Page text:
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The U.S. Fiber Expansion Craze

I’ve written several times recently in blogs that there is a growing backlog in buying fiber cable. Some of the backlog is due to the general supply chain malaise that seems to be affecting almost everything we buy. During the recent gas shortages in North Carolina, I found out that there is a shortage of truck drivers. Apparently, many truck drivers found something else to do during the pandemic, and now there is a shortage of drivers to deliver the many goods that are shipped by truck.

The primary issue affecting the fiber backlog is the exceptionally high demand for fiber. Consider all of the following announcements about building fiber in 2022:

  • RDOF fiber construction probably starts next year.
  • It’s anticipated that much of the $10 billion earmarked for broadband in the ARPA plan will end up as fiber construction over the next two years. It’s also expected that some cities and counties will use some of the $350 billion in ARPA funds to build fiber.
  • The new NTIA grants expect fiber networks to be built in one year.
  • There are also beefed-up grant programs at USDA and EDA that will start next year.
  • Verizon is in the midst of a many-year fiber buildout to pass 25 million homes by 2025 with fiber to support its Verizon Home fiber-to-the-curb service.
  • AT&T announced it’s going to pass 3 million new homes and businesses this year and 2 million homes next year with fiber, to add to the 14.5 million already passed.
  • Altice has announced plans to upgrade 500,000 passings from HFC to fiber this year.
  • Fronter announced as it was coming out of bankruptcy that it plans to pass 495,000 homes with fiber this year.
  • CenturyLink is planning on passing at least 400,000 premises with fiber this year plus the company is still expanding its middle-mile fiber network.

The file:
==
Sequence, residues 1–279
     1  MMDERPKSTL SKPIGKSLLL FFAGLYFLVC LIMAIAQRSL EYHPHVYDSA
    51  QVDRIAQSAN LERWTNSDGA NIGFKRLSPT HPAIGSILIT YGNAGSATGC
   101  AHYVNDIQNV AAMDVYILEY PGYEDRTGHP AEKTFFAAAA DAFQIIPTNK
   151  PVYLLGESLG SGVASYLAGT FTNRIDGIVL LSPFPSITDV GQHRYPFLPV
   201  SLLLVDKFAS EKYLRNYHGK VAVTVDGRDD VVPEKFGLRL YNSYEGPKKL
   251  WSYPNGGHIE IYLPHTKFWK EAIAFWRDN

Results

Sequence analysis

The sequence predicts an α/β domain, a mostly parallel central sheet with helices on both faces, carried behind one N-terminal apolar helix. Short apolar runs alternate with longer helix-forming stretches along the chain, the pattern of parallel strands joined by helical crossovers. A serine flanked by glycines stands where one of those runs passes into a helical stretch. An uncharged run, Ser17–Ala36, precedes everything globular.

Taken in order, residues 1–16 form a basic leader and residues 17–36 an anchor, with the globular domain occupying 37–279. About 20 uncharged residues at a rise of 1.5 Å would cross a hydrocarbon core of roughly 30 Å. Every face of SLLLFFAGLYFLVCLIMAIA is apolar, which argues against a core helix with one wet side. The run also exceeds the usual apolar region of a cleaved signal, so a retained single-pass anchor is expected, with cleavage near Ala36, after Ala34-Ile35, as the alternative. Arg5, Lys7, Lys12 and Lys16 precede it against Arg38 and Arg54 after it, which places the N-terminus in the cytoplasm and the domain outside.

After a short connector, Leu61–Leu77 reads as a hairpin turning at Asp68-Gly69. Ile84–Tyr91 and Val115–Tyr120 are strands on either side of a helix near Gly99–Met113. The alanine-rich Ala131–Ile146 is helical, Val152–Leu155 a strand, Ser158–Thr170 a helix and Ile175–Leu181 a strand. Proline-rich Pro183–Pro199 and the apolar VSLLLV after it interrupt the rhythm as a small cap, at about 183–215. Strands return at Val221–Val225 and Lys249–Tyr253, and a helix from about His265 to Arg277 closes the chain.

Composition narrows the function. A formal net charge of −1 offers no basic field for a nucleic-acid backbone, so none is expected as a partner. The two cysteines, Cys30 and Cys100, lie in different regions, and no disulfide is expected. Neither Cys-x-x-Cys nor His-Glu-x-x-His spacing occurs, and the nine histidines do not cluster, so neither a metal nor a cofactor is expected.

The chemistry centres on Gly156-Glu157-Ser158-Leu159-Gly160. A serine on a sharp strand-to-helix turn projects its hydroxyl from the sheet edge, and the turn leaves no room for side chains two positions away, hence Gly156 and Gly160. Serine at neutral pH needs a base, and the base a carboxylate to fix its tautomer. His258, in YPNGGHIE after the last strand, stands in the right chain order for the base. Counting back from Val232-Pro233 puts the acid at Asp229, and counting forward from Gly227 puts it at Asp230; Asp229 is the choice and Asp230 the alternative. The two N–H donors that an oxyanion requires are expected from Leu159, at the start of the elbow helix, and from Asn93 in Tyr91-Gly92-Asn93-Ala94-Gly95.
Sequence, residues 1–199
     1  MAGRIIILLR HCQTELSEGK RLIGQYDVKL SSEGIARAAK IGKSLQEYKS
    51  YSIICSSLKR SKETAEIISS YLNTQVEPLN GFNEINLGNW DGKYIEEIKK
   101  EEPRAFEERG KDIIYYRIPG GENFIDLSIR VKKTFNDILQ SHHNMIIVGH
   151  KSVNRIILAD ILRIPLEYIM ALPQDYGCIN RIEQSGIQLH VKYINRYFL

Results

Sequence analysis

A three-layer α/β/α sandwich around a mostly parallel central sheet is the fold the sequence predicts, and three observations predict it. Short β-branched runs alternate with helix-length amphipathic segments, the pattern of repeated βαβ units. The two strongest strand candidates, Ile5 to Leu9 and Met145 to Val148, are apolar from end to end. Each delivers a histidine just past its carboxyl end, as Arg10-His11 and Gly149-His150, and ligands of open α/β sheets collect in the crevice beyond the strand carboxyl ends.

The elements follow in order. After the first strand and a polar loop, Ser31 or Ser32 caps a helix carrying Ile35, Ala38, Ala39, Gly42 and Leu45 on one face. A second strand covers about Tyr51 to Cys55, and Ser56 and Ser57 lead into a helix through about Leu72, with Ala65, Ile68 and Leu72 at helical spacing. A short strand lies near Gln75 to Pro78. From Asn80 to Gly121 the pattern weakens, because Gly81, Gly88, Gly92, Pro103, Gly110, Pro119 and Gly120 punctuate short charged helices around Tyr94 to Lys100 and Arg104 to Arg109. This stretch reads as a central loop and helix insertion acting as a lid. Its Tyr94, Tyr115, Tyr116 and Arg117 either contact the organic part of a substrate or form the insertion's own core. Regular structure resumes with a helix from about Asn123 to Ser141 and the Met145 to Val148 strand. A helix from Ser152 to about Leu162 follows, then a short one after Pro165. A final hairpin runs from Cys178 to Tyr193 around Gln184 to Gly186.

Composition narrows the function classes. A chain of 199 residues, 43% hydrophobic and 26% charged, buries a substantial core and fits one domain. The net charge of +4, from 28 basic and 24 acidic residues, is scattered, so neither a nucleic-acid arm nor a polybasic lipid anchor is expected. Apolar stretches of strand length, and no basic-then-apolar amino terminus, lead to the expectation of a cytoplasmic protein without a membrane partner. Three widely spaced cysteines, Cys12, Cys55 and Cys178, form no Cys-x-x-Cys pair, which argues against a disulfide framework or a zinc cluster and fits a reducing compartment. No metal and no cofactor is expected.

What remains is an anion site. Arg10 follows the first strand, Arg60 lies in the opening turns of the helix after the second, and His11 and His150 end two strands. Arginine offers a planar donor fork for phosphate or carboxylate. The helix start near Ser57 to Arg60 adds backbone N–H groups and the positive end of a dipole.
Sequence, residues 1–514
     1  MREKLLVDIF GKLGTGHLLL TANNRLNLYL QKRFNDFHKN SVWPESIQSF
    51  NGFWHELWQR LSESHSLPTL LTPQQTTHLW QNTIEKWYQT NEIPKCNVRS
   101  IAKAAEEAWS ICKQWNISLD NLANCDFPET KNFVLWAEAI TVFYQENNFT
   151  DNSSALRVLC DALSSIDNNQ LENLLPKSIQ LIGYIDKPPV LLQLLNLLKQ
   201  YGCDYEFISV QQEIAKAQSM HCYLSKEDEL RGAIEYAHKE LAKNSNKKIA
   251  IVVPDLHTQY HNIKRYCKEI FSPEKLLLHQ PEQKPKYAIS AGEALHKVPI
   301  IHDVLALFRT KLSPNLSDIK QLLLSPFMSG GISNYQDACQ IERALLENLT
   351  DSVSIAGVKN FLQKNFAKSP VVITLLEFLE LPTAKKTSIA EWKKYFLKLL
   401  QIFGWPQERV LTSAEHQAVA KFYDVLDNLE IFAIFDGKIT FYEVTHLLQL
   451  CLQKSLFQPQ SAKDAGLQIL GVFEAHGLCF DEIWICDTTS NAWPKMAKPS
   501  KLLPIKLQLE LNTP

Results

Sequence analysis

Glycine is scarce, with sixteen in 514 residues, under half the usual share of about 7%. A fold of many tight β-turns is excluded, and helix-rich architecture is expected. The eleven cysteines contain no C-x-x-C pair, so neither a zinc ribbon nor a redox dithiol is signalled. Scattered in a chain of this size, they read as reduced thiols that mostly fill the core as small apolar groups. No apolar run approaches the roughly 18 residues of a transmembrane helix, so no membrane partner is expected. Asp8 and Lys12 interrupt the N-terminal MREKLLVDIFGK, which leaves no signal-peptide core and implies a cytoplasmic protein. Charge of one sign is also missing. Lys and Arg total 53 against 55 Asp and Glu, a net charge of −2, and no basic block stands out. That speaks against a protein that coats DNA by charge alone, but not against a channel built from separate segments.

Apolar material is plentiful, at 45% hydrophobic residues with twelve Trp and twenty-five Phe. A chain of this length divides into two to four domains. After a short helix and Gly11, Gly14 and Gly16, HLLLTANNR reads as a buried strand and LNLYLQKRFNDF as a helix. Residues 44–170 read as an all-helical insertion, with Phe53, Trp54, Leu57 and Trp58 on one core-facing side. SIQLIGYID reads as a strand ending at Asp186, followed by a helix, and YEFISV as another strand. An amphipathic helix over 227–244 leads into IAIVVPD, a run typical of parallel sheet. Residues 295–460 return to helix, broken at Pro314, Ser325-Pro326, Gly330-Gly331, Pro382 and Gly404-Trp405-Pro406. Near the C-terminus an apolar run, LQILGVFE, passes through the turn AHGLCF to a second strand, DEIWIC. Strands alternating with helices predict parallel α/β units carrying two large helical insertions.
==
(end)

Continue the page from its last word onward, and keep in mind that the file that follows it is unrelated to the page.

• Consolidated Communications plans on passing 300,000 homes with fiber this year.
  • Windstream plans to add several hundred thousand fiber passing this year.
  • Numerous smaller telcos like Ziply, TDS, and Cincinnati Bell have aggressive fiber expansion plans.
  • Numerous fiber projects from the CAF II reverse auction are now under construction.
  • Smaller telcos are continuing to build fiber under the ACAM program.
  • Dozens of electric cooperatives are building FTTP.
  • Numerous ReConnect grant projects from the past several years are now under construction.
  • State grants have funded significant fiber projects.
  • Independent fiber builders across the country like Google Fiber, MetroNet, US Internet, and numerous municipalities quietly continue to build fiber projects.
  • Cellular companies all continue to build fiber to replace cellular transport leases.
  • Long-haul fiber networks continue to expand.
  • Electric companies are aggressively expanding smart grid networks.
  • Cable companies use significant fiber every year to split nodes.
  • I’m sure this list misses some large fiber initiatives.

This all adds up to an unprecedented amount of fiber construction. There has never been a time in my memory when the industry has been this busy. It’s no wonder that we’re seeing a backlog in fiber delivery times. It’s probably a good year to be a fiber salesperson.

Everything associated with fiber construction is also going to be in big demand and likely have supply chain issues. Fiber electronics are already suffering from the chip shortage that’s affecting all electronics industries. But there will be a huge demand for lasers and electronics to light all of the fiber that’s being constructed. I’m hearing of spotty backlogs in this area that are likely going to grow longer.

Perhaps the one shortage that means the most is the shortage of fiber technicians. In February, the eleven largest telecom trade associations wrote a letter to the White House and Congress and said that the industry would need 850,000 more fiber man-years by 2025 to keep up with the demands of the industry. The technician shortage is already here and everybody I know building fiber is worried about finding and keeping the needed technicians.

By Doug Dawson, President at CCG Consulting

Dawson has worked in the telecom industry since 1978 and has both a consulting and operational background. He and CCG specialize in helping clients launch new broadband markets, develop new products, and finance new ventures.

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